Abu Dhabi, UAEThursday 29 October 2020

Boy kept in restraints at home for 12 years

'Disturbed' son was kept hidden to protect a family's reputation.

DUBAI // A mother kept her psychologically disturbed son tied up and a prisoner in his own home for 12 years to protect the family's reputation.

The boy is now 17 and being rehabilitated under the care of social workers, who will find a family to foster him.

The boy shows no signs of physical abuse, said Afaf Al Merri, director of Sharjah Social Services Department. "The only marks were due to the restraints on his hands. He was in good health and could walk but not communicate."

The restraints would have made the child more aggressive and prone to violence, she said. "He has never interacted with anyone outside his family, who neglected him. Now the boy has complete social retardation.

"The factors leading to this gross negligence include ignorance and the protection of the family's social image."

However, the mother will face no legal consequences because she approached the authorities voluntarily to seek help.

"She learnt in the media about the services provided by the ministry and decided to approach us with questions," said Hussein Al Shawab, director of social protection at the Ministry of Social Affairs.

"We assured the mother that we would help him and her family. Our main concern is for his welfare."

The Emirati teenager was voluntarily handed over to the ministry in February, and is being kept under observation at an undisclosed location.

When he first arrived he exhibited violent outbursts and bed wetting, but there have been visible signs of improvement, Mr Al Shawab said.

"He interacts and is receptive to the people around him now, which is a great improvement from when he arrived."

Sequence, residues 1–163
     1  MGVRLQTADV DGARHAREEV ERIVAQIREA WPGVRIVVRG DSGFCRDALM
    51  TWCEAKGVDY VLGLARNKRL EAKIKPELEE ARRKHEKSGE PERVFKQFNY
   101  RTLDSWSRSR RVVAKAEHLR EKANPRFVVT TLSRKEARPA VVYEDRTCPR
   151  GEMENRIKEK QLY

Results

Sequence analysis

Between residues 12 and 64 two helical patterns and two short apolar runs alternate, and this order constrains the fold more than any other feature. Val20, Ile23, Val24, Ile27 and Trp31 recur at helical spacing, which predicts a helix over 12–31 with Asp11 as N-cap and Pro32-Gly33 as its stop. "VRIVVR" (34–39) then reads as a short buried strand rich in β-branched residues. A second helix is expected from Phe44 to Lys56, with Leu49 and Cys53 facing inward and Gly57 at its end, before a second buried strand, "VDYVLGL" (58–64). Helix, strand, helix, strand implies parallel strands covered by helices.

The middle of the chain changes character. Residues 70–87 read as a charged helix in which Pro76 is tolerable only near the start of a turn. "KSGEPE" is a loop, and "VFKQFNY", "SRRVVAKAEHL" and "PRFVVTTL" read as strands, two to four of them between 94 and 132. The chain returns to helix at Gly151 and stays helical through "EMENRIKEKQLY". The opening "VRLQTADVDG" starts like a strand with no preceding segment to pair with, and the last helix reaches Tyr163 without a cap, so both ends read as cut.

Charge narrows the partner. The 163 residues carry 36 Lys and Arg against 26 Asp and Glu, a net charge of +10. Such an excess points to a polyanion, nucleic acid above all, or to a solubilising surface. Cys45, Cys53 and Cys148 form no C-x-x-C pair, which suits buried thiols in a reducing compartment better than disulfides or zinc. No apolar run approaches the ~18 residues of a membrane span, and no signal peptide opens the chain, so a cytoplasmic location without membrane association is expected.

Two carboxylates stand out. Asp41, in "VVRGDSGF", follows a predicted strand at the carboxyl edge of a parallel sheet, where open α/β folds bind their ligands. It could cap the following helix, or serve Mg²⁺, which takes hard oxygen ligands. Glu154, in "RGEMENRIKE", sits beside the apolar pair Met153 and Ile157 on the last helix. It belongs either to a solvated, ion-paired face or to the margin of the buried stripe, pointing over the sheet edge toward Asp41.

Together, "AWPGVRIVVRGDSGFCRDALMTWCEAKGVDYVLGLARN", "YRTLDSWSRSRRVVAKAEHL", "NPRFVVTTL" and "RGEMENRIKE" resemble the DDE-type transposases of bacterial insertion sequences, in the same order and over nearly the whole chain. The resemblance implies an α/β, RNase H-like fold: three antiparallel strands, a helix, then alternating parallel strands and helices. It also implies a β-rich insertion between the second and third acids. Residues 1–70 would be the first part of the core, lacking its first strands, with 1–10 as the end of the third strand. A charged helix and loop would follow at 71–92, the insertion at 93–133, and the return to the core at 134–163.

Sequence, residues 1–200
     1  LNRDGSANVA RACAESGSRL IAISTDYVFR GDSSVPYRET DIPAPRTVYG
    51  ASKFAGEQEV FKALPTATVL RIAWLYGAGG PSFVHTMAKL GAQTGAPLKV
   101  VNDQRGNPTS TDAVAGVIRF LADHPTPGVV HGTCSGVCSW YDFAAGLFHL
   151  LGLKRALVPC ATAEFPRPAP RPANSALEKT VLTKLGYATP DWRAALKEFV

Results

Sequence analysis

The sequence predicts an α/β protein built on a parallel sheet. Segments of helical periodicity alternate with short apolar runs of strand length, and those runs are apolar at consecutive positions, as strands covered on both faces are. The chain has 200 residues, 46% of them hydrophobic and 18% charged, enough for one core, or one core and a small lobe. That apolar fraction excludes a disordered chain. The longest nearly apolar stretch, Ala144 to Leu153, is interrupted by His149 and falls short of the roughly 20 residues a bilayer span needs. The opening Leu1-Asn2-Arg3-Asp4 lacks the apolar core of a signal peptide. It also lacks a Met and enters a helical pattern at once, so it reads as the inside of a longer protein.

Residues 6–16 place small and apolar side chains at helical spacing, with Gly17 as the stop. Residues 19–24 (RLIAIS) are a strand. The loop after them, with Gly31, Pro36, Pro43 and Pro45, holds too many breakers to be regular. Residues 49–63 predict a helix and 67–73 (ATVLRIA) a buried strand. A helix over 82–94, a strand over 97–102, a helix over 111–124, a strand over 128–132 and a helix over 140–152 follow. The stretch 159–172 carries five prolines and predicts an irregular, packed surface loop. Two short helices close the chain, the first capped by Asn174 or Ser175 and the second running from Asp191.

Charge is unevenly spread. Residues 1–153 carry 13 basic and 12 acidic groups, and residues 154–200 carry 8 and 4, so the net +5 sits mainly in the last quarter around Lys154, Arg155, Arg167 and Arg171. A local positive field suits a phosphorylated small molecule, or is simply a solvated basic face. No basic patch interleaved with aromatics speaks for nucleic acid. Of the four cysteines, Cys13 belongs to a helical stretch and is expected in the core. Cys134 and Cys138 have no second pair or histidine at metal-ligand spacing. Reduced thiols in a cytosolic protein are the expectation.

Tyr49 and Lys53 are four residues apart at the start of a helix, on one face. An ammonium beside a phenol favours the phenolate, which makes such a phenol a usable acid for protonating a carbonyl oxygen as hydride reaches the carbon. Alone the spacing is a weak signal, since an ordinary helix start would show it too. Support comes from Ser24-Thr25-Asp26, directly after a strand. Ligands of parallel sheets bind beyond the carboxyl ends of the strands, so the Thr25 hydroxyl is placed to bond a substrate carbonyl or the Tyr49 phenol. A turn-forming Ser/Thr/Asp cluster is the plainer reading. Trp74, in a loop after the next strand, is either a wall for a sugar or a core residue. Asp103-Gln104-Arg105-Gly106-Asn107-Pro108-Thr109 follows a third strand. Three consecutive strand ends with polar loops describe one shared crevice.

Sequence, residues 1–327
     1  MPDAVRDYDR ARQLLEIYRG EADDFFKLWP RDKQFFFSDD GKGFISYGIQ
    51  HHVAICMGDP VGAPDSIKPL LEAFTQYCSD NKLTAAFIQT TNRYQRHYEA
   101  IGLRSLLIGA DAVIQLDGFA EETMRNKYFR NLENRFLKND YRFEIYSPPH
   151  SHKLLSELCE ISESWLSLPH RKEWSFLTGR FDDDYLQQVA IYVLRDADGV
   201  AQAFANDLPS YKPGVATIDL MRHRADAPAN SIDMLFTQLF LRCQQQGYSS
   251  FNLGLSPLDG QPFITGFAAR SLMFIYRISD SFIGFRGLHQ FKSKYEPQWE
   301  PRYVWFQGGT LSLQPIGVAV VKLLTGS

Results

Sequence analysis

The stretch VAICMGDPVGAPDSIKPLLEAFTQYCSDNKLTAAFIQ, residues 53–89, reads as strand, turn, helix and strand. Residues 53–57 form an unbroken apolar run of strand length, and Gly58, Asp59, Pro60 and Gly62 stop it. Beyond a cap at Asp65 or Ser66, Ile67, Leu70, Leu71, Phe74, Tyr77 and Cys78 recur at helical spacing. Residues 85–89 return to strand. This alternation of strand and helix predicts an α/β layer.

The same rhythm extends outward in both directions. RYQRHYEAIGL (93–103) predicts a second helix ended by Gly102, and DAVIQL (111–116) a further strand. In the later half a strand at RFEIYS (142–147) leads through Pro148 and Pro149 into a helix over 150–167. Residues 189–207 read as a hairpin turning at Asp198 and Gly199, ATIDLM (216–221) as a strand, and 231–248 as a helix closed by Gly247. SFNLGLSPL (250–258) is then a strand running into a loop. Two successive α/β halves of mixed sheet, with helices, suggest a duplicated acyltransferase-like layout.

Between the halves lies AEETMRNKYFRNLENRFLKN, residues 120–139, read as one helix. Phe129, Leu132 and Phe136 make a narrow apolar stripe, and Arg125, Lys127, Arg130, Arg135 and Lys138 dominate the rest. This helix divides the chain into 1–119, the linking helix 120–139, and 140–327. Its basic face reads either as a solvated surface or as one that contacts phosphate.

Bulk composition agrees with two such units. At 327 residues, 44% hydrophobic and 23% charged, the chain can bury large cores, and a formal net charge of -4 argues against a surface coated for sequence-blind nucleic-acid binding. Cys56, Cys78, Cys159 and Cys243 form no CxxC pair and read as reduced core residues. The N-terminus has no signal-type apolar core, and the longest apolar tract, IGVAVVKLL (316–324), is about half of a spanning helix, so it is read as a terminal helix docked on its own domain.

The mother said she "had the boy from an unknown father", Mr Al Shawab said. Later she married again and started a family.

When the boy was about 5 he began displaying violent tendencies.

"The family explained that he was tied up to protect him from himself and to protect his siblings and other members of the family from his anger bouts," said Ms Al Merri.

She said the boy may have had a psychological disorder from birth, but she could not identify what disorder that might have been, or how severe it was, as tests are still being done.

Dr Mohammed Tahir, head of psychiatry for Health Call Clinic in Dubai, said being isolated from positive human interaction could profoundly affect a child's development.

"Neglect is worse than anything. Yes, physical or sexual abuse can be a huge trauma, but neglect itself and isolation in the room could be devastating," he said.

"There is a chance that they will recover and catch up in some areas, but they will still lag behind as compared with the same age, same intelligence. Having said that, if this kid was in isolation the isolation itself can be very tormenting."

The boy will remain under the care of the Ministry of Social Affairs until he is fully rehabilitated, Mr Al Shawab said.

"After his rehabilitation we are looking at ways for his reintegration into society and we will place him in foster care to be raised within a family environment," he said.

He said the boy would not be returned to his family because they had shown neglect and because the stepfather had indicated the he did not want the boy in the house.

Ms Al Merri said the case was not unique. "When we took this boy in he was the second case that week. The other case was similar: a handicapped boy was being neglected and kept in a bad condition."

Afra Al Basti, head of Dubai Foundation for Women and Children, said they had also seen a similar case involving a girl of about 20.

"She was kept in the house because she had a mental disorder and she couldn't communicate with people," said Ms Al Basti. "The father is quite old, and the stepmother didn't take care of his daughter, so they kept the girl in the house without any treatment or follow-up."

As a result, she said, the girl developed only to the level of a two-year-old.

Raising awareness about the resources available to parents was crucial, she said. "Knowledge is very important: to know who is giving you services."


* Additional reporting by Vivian Nereim

Updated: March 14, 2012 04:00 AM

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